U.S. President Joe Biden and Russian President Vladimir Putin agreed on Wednesday to begin cybersecurity and arms control talks at a summit that highlighted their discord on those issues, human rights and Ukraine.
Putin said after the summit meeting Wednesday that there was “no hostility” during the talks that wrapped up more quickly than expected.
The two sides had said they expected to meet for four to five hours but spent less than three hours together, including an opening meeting with just the two presidents and each one’s top foreign aide.
The Russian president said there was an agreement between the leaders to return their ambassadors to their respective postings. Both countries had pulled back their top envoys to Washington and Moscow as relations chilled in recent months.
Russia’s ambassador to the US, Anatoly Antonov, was recalled from Washington about three months ago after Biden called Putin a killer; US Ambassador to Russia John Sullivan left Moscow almost two months ago, after Russia suggested he return to Washington for consultations. Putin said that the ambassadors were expected to return their posts in the coming days.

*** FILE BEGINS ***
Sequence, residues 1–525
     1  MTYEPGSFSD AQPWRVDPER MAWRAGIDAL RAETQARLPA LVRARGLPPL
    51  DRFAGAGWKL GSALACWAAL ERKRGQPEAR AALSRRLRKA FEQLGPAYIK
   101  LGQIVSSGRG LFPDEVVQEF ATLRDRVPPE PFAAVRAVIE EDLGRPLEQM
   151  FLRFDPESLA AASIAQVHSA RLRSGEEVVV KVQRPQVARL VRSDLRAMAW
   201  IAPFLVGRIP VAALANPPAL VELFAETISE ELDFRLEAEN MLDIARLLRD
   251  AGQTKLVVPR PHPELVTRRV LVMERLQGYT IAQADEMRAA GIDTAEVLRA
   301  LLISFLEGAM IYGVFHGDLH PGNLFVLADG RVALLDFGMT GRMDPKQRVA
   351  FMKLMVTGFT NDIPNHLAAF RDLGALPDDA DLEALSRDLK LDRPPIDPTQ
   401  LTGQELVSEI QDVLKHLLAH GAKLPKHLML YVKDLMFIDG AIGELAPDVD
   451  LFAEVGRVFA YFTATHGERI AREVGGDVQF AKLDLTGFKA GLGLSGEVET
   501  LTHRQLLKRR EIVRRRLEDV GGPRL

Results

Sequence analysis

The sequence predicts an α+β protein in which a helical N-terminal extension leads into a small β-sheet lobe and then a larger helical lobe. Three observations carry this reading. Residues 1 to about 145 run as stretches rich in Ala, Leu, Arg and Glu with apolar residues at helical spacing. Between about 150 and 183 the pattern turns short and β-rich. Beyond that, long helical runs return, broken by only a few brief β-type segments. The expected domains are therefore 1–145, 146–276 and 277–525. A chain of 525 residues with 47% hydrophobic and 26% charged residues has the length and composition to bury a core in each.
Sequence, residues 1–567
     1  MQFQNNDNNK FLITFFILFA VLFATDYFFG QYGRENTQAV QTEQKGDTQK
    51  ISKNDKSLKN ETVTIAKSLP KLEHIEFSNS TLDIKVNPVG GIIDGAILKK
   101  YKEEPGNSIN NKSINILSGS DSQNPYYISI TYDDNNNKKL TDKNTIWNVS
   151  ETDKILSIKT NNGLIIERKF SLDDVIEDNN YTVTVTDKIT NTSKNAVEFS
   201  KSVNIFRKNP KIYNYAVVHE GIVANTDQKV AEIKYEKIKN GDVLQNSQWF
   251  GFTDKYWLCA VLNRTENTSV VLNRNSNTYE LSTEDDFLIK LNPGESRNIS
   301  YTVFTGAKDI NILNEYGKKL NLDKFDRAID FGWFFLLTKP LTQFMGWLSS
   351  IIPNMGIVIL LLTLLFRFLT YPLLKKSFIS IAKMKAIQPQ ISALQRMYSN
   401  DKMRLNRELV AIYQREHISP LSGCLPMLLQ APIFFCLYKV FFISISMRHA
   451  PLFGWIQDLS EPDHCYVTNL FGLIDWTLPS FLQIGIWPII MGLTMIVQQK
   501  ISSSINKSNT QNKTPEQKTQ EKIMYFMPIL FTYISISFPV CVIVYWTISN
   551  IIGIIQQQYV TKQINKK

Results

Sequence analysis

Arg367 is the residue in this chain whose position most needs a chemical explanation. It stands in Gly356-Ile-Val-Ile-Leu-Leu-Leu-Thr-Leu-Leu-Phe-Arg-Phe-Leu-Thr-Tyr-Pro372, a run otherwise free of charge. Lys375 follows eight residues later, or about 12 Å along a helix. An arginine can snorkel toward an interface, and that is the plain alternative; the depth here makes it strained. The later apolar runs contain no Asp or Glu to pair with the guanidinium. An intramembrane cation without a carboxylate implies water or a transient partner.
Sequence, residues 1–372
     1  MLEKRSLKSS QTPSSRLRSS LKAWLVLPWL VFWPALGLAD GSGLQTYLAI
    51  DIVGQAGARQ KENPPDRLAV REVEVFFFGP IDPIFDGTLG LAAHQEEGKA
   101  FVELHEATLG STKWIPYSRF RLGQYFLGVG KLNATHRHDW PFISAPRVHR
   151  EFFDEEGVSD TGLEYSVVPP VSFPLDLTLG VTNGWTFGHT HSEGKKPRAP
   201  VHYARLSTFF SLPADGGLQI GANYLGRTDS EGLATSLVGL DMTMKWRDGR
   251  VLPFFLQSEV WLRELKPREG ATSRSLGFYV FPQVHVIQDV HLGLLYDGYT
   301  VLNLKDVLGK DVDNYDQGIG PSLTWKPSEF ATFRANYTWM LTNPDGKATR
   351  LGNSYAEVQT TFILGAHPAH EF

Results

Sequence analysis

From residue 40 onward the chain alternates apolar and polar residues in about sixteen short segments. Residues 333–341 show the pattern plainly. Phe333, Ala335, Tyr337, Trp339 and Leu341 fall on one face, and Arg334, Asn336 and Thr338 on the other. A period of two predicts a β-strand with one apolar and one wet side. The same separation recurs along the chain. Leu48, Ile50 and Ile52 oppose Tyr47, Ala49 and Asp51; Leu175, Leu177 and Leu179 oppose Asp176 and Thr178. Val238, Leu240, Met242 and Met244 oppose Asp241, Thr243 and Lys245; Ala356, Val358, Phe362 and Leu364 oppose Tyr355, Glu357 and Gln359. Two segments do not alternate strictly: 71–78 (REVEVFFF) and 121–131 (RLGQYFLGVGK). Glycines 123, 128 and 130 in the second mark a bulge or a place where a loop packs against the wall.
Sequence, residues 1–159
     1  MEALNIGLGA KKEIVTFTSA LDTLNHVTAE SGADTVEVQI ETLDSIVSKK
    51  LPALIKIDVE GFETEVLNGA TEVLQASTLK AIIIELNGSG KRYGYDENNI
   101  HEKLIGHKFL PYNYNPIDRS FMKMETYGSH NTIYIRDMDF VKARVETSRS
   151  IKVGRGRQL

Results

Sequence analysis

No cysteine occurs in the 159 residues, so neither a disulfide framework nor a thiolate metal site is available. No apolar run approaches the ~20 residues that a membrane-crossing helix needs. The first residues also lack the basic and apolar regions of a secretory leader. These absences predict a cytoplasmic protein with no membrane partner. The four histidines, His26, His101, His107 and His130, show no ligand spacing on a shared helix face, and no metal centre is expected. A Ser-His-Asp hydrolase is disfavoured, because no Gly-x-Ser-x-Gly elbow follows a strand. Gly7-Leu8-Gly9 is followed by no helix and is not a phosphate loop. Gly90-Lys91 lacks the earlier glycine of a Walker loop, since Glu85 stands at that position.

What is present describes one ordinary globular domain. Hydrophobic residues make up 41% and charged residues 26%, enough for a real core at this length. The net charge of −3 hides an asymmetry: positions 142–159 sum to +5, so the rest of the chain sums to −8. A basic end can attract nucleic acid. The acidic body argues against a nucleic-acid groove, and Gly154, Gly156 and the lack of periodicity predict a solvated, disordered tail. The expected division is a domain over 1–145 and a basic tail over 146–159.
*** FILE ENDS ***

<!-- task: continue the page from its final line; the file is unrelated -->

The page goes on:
Putin also said the two sides agreed in principle to begin consultations on cybersecurity issues, though he continued to deny US allegations that Russian government was responsible for a spate of recent high-profile hacks against business and government agencies in the United States and around the globe.
Biden and Putin plunged into the face-to-face talks Wednesday at a lush lakeside Swiss mansion, a highly anticipated summit at a time when both leaders say relations between their countries are at a low point.